Such evidence is set to inform the government’s immigration policy decision in March 2019. Many industry bodies have made their views on the impact of Brexit to the UK labour market clear, while employers have warned that sectors such as construction, agriculture and horticulture could struggle if the labour supply dries up.
Given that not all sector and skilled markets will be affected equally, certain policy solutions may be possible that will support individual sectors in different ways.
Food and agriculture
Fresh produce growers may be on the countdown to disaster, should no seasonal labour deal emerge from the Brexit negotiations by September 2018 - six months before the UK's scheduled formal departure. The timing of potential labour shortages may result in a failed harvest, and most within the industry have said they cannot wait until March 2019 for an answer.
Many leaders within the food and drink industry have called for the government to do more to reassure EU migrants that they are welcome as companies across the sector experience staff shortages. The industry is the UK’s biggest manufacturing sector and contributes £28.2 billion to the economy, suggesting any slow-down in productivity could have huge implications for the country’s finances.
An annual GP patient survey in July showed that on 47.5 million occasions last year patients could not get an appointment with a GP or practice nurse as a result of staff shortages. The Royal College of GPs has written to home secretary Amber Rudd asking her to declare family doctors a key group of workers who deserve priority in their efforts to pursue careers in the UK. This response was in reaction to non-EU national GPs. But an inflexible response from the government in relation to the EU nationals working in the NHS could further affect the UK’s employee labour force health, which would likely have a subsequent impact on our economic wellbeing.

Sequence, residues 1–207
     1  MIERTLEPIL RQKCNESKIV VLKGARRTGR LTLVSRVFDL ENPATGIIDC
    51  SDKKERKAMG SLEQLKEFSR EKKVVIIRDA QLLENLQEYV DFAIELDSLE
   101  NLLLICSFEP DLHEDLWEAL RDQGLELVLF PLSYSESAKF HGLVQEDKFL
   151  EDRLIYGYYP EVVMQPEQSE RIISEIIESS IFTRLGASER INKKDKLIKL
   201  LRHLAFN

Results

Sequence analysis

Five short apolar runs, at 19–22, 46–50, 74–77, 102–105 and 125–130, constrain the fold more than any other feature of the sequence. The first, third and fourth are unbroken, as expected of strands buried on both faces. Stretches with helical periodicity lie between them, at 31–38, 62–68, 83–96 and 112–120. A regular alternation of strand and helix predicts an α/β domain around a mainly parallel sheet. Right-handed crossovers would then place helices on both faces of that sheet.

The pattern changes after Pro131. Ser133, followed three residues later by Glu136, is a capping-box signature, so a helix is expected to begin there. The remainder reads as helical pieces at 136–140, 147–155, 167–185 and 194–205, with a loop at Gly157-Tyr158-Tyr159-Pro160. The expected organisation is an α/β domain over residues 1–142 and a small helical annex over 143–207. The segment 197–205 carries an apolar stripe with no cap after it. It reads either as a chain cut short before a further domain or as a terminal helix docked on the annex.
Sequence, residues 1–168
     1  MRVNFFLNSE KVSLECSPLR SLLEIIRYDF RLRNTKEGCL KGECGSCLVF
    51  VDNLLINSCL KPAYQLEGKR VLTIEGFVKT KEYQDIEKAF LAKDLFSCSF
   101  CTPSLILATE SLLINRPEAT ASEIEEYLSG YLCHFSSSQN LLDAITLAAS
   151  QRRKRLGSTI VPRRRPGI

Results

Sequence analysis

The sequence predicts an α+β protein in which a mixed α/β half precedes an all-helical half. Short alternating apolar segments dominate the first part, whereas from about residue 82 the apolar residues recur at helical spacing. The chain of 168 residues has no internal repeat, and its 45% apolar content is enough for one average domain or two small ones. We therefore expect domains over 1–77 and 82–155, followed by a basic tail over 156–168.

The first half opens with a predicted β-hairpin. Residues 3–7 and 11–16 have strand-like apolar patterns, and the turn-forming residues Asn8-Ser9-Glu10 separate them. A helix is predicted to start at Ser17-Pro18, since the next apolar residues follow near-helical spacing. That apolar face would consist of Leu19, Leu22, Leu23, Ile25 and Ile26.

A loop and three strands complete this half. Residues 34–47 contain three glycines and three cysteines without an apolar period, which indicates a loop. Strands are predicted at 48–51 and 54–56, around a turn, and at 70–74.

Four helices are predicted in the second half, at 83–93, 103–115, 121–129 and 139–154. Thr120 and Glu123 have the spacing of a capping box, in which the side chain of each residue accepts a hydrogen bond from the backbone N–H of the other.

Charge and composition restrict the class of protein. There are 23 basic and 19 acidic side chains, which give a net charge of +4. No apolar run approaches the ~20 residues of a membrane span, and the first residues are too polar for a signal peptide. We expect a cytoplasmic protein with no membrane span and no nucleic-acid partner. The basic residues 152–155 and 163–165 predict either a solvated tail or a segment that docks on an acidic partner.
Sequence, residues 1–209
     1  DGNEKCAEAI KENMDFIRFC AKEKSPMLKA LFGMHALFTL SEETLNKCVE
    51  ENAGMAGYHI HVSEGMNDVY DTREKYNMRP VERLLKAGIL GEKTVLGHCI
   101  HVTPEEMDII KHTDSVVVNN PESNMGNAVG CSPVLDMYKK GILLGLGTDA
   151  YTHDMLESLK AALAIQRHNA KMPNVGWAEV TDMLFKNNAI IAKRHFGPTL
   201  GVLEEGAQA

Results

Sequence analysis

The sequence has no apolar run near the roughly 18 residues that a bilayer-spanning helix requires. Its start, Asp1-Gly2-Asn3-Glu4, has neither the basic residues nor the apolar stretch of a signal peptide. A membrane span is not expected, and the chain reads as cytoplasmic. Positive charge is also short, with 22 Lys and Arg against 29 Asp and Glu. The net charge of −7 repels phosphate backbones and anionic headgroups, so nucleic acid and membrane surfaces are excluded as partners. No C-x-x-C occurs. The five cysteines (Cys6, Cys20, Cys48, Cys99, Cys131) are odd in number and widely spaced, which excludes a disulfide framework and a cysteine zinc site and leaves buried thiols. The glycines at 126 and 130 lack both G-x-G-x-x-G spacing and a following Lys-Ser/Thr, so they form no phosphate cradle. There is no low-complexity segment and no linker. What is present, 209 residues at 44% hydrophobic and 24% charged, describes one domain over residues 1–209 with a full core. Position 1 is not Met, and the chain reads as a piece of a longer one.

We understand that many financial services, consulting and information technology firms responded to the MAC’s requests for input. When we asked businesses which employees would be most difficult to replace without access to European migrants, engineers, designers, sales and account management positions ranked the highest. There are a number of skills critical and hard to replace within these sectors. For instance, for a role requiring a German-speaking accountant often the only viable option is to use a native German accountant.
What does Britain need from the MAC decision next year?
There are two main strands of thought surrounding how best to handle Brexit when it comes to workers. On one route, Lord Hodgson recently wrote to the Financial Times to suggest that the disappearance of seasonal workers from the UK would lead to an increase in productivity, particularly in the agricultural sector, as it would encourage higher investment in machinery and automation.
On the other side of the argument there is a strong demand for the seasonal workforce to remain. The government has the option to reintroduce the Seasonal Agricultural Workers Scheme (SAWS), which allowed fruit and vegetable growers to employ migrant workers from Bulgaria and Romania for up to six months at a time. The scheme originally closed in 2013 but given the situation, reinstatement to include all EU nationals might fill the gap.
But this may not be applicable to industries such as nursing and the professional services. In such sectors automation and machinery isn’t close enough to the level where a machine could take on the role of a nurse or the vast variety of roles in the professional services sector.
This discrepancy between the differing industries is where it becomes obvious the MAC must present a flexible policy come next year, tailored to match the needs of individual sectors, and earlier than the planned March delivery date. It is likely we will see increased lobbying from individual sectors about their own needs as the final decision gathers momentum. For now, however, the MAC has closed its doors to formal submissions and its final word remains in the hands of the reviewers.
Nadine Goldfoot is a partner at immigration law firm Fragomen